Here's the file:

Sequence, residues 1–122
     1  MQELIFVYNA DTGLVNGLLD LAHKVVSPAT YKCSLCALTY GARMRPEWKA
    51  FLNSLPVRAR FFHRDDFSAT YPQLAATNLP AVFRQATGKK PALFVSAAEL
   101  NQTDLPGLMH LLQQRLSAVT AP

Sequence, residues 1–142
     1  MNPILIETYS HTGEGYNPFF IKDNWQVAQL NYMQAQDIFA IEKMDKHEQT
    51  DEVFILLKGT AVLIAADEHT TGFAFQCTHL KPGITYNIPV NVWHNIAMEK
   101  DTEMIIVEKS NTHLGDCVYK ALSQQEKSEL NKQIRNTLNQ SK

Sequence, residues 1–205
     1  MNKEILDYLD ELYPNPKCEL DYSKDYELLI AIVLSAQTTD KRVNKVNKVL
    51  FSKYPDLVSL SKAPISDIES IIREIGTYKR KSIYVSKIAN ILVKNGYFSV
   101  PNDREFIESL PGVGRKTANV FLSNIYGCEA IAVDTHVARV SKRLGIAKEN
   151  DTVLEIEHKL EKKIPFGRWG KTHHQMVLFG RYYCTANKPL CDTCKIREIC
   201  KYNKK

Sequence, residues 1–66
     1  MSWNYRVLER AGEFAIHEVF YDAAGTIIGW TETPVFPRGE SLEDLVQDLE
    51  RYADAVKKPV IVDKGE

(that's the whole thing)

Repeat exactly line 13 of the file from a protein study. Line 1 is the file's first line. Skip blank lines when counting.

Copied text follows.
   151  DTVLEIEHKL EKKIPFGRWG KTHHQMVLFG RYYCTANKPL CDTCKIREIC